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Paul Zimmerman

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What Depth of Responsibility Do Creditors and Lenders Have to Maintain the Value of Collateral in Their Possession?

If you are an officer or a special assets manager at a bank, and you know that a borrower has pledged non-real estate collateral (stocks, notes, etc.) that has long been gathering dust in your vault, you need to ask yourself, what responsibility, if any, does the bank have to maintain the value of collateral held in its possession for the purpose of securing loans? In these still trying economic times, as many loans have gone and/or remain in default, the value of the collateral pledged to banks and lenders to secure those debts often has likewise declined while in the creditor’s possession. When the creditor attempts to collect upon the debt, savvy borrowers have taken to casting blame on the creditor for "failing" to maintaining the value of the collateral that was initially thought to be adequate to secure the original debt. The borrower may then utilize portions of the Uniform Commercial Code, discussed below, as a defense to having to pay some or all of the debt and may even seek damages from the creditor for "allowing" the value of the collateral to decline while in the lender’s possession.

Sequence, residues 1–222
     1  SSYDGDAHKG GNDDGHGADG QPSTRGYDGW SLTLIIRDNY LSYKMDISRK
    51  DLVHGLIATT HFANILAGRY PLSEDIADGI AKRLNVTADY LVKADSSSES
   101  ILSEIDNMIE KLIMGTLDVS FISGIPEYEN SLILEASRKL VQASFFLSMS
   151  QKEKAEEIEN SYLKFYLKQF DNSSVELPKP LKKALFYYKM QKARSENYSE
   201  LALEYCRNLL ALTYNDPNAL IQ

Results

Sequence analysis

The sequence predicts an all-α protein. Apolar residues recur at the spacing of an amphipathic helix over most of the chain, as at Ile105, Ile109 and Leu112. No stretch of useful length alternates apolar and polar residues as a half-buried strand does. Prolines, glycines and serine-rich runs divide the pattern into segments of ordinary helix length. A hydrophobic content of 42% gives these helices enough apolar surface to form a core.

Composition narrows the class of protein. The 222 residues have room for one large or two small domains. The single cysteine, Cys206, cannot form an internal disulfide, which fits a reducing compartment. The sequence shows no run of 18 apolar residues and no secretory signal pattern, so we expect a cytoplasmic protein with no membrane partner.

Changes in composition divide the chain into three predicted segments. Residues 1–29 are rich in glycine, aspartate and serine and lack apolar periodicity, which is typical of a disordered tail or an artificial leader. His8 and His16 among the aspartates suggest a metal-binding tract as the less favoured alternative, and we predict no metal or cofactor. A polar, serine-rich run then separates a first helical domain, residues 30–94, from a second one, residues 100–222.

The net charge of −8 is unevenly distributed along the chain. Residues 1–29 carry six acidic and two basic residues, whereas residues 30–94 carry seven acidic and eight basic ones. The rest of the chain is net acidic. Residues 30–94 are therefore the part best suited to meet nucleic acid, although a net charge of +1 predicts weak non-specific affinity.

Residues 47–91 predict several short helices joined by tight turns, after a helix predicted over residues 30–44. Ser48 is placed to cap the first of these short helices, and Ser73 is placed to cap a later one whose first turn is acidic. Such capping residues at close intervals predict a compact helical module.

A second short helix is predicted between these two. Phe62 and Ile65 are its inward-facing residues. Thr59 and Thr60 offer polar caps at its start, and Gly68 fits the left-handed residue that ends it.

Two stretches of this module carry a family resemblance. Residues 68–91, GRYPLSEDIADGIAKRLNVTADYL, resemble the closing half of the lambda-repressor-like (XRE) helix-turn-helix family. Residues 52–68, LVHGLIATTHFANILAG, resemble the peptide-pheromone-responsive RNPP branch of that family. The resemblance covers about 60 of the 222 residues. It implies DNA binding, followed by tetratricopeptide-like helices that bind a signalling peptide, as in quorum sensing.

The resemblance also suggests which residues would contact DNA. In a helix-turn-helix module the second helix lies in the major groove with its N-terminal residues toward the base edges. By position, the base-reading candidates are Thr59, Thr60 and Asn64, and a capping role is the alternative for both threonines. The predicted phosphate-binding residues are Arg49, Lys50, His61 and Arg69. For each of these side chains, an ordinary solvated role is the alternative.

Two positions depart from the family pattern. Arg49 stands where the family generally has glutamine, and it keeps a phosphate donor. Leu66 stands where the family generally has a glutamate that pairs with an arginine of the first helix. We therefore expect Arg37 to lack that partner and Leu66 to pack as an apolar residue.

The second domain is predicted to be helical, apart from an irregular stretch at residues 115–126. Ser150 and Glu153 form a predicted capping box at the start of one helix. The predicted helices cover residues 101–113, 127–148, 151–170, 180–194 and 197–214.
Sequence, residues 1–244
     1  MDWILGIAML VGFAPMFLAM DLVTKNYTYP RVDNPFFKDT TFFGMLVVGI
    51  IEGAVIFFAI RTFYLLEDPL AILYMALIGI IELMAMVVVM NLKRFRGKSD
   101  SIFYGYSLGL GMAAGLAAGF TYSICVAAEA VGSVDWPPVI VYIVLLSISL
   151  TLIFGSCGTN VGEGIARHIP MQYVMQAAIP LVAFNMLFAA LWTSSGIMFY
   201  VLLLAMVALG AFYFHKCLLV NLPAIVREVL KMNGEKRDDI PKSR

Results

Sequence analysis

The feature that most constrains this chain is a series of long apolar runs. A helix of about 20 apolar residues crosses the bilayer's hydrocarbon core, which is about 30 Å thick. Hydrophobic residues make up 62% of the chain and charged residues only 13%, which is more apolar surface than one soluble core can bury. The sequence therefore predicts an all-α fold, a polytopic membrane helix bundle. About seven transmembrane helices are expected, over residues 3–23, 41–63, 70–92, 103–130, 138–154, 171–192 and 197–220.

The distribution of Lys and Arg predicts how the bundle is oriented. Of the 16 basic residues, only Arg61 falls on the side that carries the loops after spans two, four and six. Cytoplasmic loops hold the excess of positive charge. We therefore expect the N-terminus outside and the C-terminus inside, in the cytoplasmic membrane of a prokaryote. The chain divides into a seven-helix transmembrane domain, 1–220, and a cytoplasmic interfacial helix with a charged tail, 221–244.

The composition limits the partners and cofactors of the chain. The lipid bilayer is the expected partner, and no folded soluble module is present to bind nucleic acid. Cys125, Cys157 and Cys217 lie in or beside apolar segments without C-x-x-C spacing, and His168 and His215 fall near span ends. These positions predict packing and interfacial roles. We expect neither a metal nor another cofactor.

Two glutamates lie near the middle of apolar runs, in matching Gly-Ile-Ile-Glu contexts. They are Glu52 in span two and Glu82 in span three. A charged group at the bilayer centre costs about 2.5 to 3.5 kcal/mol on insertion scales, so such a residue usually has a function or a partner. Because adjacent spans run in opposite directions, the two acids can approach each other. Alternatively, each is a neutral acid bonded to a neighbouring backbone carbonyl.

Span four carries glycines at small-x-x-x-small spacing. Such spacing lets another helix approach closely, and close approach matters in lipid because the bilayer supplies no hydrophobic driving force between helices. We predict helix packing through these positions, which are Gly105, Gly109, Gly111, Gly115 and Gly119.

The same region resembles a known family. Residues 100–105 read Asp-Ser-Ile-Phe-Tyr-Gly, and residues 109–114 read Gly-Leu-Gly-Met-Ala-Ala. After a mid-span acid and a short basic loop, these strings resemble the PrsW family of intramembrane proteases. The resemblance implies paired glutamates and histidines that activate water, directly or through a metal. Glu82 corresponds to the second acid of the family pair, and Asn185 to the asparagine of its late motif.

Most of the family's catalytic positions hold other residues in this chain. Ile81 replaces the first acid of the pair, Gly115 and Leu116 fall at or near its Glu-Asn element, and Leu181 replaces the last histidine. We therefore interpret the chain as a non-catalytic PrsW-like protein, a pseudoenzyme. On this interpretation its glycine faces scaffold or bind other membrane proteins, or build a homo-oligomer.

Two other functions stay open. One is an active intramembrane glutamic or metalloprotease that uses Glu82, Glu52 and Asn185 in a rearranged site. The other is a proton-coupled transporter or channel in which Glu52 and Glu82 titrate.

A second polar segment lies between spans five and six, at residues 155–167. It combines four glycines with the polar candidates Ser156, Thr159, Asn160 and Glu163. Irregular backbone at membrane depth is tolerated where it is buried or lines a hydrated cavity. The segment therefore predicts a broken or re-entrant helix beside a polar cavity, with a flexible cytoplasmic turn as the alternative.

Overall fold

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This article is not offered as, and should not be relied on as, legal advice. You should consult an attorney for advice in specific situations.